Yesterday, Tehilla turned 3 months old. In honor of the occasion, she had an interstage cyanosis episode, in other words: she turned blue. Yesterday, around 7:30pm, I was working on the computer, while Tehilla was swinging happily in her swing. Mechal, my 7 year old says, "Hey, look Ima! Tehilla's lips are purple."
She had been sleepy the entire day, but I hadn't made much of it. I took her oxygen saturation level and she was at 68 and her temperature was at 37.6. Calls to the cardiac nurse, to the doctors and surgeons...it turns out no one was in the hospital, and they didn't want me just hanging out in the ER, and having the problems that we've had in the past. They told me to wait at home, until they can find someone on call or to go in, to take a look at her. In the mean time, I should feed her and wait a half an hour, then take her saturation and temperature again and of course, look and see if her color is still off.
45 minutes later, her lips were still purple, her saturation was at 66, but her temperature was at 37.2. They wanted us to come in to the ER and they found one of the pediatric cardiovascular surgeons that was in the hospital to come and check on her.
I have to say this, for all the complaining I have done on previous visits to the ER- we had none of those problems. The doctors and nurses were on top of everything, handled everything efficiently and were cautious and caring.
Tehilla's face was very purple/blue when we got to the ER. They checked her and her color in her face returned very quickly, but her lips were still purple. Her saturation was back to normal at 82 and her temperature was at 37.3. They also weighed her and she went up again: 4.400 kg!
They called a cardiologist immediately, who requested standard blood tests, as well as the blood gases test. He also wanted an EKG done and wanted us kept overnight for observation of her saturation. The surgeon came and looked her over and agreed with the cardiologist about observation for the night. At this point it was already 11 o'clock at night, and she was cranky from being off schedule. This concerned them, and they could not get the EKG to read correctly. After they kicked everyone out and let me have time to calm her down and feed her, they were able to do the EKG again. They put us in a proper room, all the way at the back of the ER, to keep us away from other patients. We went to sleep- well, Tehilla did. I don't know how much sleep I got. Her saturation remained normal throughout the night, but her lips remained purple and her color was off.
In the morning, her O2 saturation was between 69-73 and she was checked again by the pediatrician and I was told that her EKG results were good and her blood tests came back very good. They were waiting for a cardiologist to come and check on her again.
Her saturation started to return to normal and occasionally go too high- all the way to 91. They came to do an EKG again. It was time to give her the Losec (Prevacid) that she takes for reflux, but the ER didn't have any. While I was discussing with the nurse what to do, Tehilla threw up all over me.
We waited several hours for our cardiologist, Dr. Golander to check on her. When he finally came to check on us, he said, "Wow, you look horrible. What's wrong with your face?" Don't worry, I still love him. In fact, I had been in the same clothes, and my contacts for 36 hours, now with the embellishment of throw up. I was in a good place mentally, that's for sure.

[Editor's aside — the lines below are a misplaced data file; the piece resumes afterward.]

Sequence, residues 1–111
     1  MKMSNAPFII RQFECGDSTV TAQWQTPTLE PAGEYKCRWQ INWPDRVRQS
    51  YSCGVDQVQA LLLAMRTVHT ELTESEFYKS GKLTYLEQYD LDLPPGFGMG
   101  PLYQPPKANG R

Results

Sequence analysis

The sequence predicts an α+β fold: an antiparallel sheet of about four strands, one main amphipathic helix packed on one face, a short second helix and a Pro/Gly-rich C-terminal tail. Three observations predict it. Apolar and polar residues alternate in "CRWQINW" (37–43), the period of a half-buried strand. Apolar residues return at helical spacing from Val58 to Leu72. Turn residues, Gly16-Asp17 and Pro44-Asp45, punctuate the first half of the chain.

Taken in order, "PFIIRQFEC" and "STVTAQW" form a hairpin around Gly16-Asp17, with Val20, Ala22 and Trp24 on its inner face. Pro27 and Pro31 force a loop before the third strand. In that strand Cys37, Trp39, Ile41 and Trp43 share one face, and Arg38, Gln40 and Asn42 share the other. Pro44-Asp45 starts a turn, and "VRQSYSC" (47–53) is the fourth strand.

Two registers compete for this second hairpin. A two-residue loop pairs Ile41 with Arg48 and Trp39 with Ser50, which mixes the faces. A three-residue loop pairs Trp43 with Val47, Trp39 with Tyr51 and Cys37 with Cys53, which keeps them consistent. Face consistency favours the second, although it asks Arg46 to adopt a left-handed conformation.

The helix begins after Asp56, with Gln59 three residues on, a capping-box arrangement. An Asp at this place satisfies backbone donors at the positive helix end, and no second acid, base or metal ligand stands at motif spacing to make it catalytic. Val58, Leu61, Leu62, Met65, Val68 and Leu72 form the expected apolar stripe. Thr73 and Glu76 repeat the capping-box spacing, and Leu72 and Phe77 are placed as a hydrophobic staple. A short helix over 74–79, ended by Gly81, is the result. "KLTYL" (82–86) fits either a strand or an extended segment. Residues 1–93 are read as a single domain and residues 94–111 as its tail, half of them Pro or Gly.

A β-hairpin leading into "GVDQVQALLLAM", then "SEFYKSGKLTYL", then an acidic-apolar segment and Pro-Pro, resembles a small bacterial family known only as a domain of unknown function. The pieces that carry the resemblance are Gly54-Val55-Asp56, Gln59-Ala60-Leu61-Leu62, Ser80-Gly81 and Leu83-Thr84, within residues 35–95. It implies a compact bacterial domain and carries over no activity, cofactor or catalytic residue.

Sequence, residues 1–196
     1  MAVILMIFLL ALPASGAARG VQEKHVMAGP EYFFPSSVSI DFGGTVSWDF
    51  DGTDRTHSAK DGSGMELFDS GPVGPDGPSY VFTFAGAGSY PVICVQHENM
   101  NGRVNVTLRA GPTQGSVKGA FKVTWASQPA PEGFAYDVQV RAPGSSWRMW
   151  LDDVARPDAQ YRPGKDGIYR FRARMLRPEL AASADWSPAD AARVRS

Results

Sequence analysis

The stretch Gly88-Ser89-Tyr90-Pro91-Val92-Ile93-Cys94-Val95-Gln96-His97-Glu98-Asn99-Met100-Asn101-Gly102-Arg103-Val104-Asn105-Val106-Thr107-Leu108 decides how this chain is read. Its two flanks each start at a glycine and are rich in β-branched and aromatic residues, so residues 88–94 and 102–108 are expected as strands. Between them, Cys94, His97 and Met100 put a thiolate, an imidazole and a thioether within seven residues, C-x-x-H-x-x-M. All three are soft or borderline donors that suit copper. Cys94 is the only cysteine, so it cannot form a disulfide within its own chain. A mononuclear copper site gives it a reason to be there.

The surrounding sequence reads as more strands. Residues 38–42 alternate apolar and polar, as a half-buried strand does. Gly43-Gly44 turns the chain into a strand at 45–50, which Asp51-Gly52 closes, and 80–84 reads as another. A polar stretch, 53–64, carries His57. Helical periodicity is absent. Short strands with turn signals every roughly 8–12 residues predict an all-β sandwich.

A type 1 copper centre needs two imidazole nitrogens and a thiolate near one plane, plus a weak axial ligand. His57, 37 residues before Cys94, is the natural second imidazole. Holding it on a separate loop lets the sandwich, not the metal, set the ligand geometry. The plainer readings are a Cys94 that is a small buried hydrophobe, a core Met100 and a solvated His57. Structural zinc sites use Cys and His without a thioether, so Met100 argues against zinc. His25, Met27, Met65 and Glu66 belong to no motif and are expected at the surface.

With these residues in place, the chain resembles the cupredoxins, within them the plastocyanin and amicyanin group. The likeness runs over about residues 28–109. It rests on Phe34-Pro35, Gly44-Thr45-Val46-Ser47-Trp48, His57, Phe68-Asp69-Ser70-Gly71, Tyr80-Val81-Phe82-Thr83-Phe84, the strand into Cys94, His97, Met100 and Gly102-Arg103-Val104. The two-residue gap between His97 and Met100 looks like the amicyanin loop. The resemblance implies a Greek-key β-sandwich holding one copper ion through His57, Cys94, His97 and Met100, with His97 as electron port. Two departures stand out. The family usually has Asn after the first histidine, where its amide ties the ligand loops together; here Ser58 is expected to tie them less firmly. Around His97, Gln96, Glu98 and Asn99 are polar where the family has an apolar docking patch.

I explained to him about what had gone on. The big question now, was whether to move up her Glenn surgery. These interstage episodes are "normal" for HLHS interstage, but that doesn't make them any less dangerous. Each one of them has to be checked out. As Dr. Golander put it, "Better to have a sleepless night in the ER, than to lose your child." While talking with him, Tehilla started crying and her face was blue. Because her saturation was fluctuating so much between being too low to too high, it is an indication that she is not ready for the Glenn surgery, and it would not be successful. Dr. Golander decided to move her heart catheter up. We have it scheduled for January 26th. We go in the day before for blood tests, stay the night and do the heart catheter the next day, and then spend the night. So 3 days in the hospital. The heart catheter will measure the pressure of blood flow in her heart and give them an indication of how ready she is for the Glenn.
He also took the time to explain to me that pulse oximeters can not be depended on for reading very low (low 70s and 60s) oxygen saturation. That they are build for the normal human and Tehilla is abnormal. He was full of compliments today.
Dr. Golander acted very wounded that Tehilla is no longer happy when he picks her up. I told him, "Dr. Golander, she has discovered a world of swings, toys and a warm home. You've got to up your game."
I also discussed with him her reflux. Tehilla had already been on Zantac and now on the Losec, without any real relief. She still usually throws up once a day and gags constantly. He is starting her on Gaviscon, as well as her Losec.
So 15 1/2 hours, 3 EKGs and a blood test later, we were finally released. Thank G-d, she is okay and we (yes, me too) have been napping all day.
Happy 3 months to us! (This kid has got to learn how to throw a proper party.)